John Druckemiller is the kind of guy you would easily expect to find his way into a seminary. He's had a rough stretch of employment the past couple of years, and he's always had the goal of attending seminary.
Druckemiller served as a pastor for an evangelical church, which he could do even though he never went through seminary training. But lately, that lack of training has kept him from landing one of the few pastoral jobs available in the bad economy.
Now, instead of shepherding souls, he's cobbling together part-time jobs -- including a gig in the meat department of a Target store in Lino Lakes.
"It was definitely a humbling experience. Instead of being the person in charge and overseeing things, [I was] being asked to step in and handed a box cutter, and someone would say, 'This goes there.' It was quite a change," Druckemiller said.
Seminaries around the country expected to see their classrooms fill up this past year. They figured people who lost a job and who felt called to ministry would choose to enroll, just as they had in past recessions. But in Minnesota, some seminaries are seeing the opposite -- the bad economy is hurting their enrollment.
Druckemiller is applying to Bethel Seminary, an evangelical school in St. Paul. He'd like to get a master's of divinity and get back to pastoral work. But the $10,000-a-year tuition could be a barrier.
"To be honest with you, unless there's a lot of financial aid, I won't be able to do it. I've got two daughters in college right now and my son is in high school, going to college in the fall. Things are stretched as far as we can stretch them. It's going to take a miracle to be able to afford to go," Druckemiller said.
Joseph Dworak, the admissions director at Bethel Seminary, has been seeing a lot of people like Druckemiller lately -- people who feel hindered from attending because of finances.
"Last year was the first year that we saw over and over people who were accepted and ready to go who bailed out and stopped the process," he said.
Normally, about 80 percent of students who are accepted to Bethel show up. Dworak says that changed last year. Only about two-thirds ended up attending.
Nationally, seminary enrollment has slipped about 6 percent over the past three years, according to the Association of Theological Schools.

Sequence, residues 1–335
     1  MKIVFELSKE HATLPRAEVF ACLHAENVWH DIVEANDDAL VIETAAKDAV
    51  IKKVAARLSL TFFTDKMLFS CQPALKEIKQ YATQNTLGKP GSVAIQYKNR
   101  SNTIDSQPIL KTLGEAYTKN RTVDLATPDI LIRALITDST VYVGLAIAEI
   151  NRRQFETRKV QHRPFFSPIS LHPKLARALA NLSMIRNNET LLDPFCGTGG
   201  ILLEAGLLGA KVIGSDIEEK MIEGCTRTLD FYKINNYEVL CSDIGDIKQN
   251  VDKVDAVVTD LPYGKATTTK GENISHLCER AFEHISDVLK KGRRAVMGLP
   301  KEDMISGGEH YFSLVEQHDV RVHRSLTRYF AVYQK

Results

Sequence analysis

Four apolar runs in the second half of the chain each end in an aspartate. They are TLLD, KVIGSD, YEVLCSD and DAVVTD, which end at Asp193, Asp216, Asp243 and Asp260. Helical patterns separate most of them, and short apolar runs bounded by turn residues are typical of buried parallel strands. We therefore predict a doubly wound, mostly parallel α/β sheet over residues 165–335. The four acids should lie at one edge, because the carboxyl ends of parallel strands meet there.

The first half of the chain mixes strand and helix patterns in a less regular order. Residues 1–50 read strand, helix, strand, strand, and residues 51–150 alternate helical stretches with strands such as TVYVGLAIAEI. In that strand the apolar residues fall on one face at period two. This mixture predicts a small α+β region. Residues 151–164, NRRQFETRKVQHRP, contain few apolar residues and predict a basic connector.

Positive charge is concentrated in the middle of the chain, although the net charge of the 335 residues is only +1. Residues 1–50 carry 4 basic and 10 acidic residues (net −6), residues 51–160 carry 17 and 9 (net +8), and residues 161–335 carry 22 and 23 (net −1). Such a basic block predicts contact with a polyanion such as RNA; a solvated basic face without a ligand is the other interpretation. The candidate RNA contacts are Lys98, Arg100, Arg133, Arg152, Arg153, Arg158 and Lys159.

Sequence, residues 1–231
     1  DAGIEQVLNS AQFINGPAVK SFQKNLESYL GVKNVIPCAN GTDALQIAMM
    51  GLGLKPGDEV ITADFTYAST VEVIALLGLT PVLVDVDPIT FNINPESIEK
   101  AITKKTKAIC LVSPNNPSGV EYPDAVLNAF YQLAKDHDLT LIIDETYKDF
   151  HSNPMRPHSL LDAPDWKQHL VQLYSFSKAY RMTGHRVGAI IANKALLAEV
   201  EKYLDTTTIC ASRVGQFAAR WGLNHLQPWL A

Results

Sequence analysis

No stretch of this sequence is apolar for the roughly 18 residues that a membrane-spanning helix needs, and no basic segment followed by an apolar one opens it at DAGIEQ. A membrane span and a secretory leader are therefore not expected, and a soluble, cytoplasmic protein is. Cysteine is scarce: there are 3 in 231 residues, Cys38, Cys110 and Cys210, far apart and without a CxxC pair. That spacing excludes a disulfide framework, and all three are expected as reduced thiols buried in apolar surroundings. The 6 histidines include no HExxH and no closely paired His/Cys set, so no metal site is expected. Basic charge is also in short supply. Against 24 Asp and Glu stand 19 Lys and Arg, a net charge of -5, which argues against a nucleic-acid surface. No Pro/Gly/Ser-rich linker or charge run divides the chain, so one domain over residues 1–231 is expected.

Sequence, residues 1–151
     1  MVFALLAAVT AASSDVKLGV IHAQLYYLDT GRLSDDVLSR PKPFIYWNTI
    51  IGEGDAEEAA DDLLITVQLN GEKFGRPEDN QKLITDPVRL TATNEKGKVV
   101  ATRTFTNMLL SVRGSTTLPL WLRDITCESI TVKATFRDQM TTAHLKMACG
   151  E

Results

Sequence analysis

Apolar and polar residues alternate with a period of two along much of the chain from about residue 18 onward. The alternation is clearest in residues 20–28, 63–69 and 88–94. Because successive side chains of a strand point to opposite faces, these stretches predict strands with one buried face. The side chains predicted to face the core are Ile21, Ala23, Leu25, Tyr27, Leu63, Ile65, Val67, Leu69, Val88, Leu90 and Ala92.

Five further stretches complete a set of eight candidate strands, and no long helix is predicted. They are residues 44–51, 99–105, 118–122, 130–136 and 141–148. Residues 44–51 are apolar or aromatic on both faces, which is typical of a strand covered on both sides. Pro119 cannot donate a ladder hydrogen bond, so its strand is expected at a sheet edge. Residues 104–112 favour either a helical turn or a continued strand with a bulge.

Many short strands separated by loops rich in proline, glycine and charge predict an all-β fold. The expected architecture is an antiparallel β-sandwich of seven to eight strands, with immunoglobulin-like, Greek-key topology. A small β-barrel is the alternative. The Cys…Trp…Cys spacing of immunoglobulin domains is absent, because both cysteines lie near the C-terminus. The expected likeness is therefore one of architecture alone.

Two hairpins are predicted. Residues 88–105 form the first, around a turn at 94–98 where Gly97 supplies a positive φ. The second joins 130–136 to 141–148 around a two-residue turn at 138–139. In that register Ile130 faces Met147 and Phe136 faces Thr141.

Dworak says that's been a big surprise for seminaries all over -- and contrary to how things have gone in the past.
"I think that in past recessions, that was the common wisdom even for us in the seminary world was that people would go back to school to get retrained and have a different skill set," said Dworak.
A forthcoming article in the journal Applied Economic Letters makes that case, too. The article shows that in the past decade or so, as the unemployment rate went up, so did seminary enrollment.
Dworak is convinced that the Great Recession has scrambled past trends. He says economic distress is the most common reason why people don't come.
"Last year it overwhelmingly started being the economy: I've lost a job, my spouse has lost a job, this is not the right time for us to do this," Dworak said.
But the executive director of the Association of Theological Schools, Daniel Aleshire, isn't so sure. It's not clear why people are choosing not to enroll.
"We don't have any data about why it's different this time and whether it's the recession driving the decline or whether it's other factors that are influencing theological school enrollment," said Aleshire.
Aleshire says trends in the various denominations complicate the picture. Evangelical seminaries have tended to fare the best, while mainline Protestant and Catholic seminaries have seen greater downturns. But not every seminary fits neatly into a pattern.
A couple dozen seminarians and nuns bend their heads in prayer during Mass at the Saint Paul Seminary School of Divinity. It's on the campus of the University of St. Thomas.
The school has defied national trends for Catholic seminaries with its recent spike in enrollment. Officials say point blank: the economy is not a factor. They cite some distinctly non-economic drivers for the boost, including what one official called "increased Eucharistic adoration."
Father Peter Williams deals with potential seminarians. He says he has fielded the occasional inquiry about priesthood from men battered by the recession. Some lost jobs, some went through bankruptcy. Williams says that can raise some questions about admitting people.
"It's always a difficult place to determine whether a man's call is authentic. You don't want a hint that this is a way out of a troublesome situation he's found himself in," Williams said.
Rather than fleeing financial misfortune, Williams said, many candidates over the past couple years were leaving more lucrative jobs on the table. Among them, 24-year-old Jake Anderson, a second-year seminarian. Anderson studied business and economics in college and went on to work for a consulting firm, but he gave up that job as his spiritual life deepened.
"I really started taking my faith more seriously, and as such my interest and passion for what I thought I always wanted to do, decreased," he said.
Since then, Anderson's received several more job offers that he's spurned. He says he does worry a bit about what will happen to his resume if for some reason he should change his mind about seminary.
But at least Anderson won't suffer too much financially in the meantime. The Catholic Church picks up the tab for his tuition. And while he'll only make about $20,000 a year in his job, the overall shortage of Catholic priests means he's likely guaranteed employment.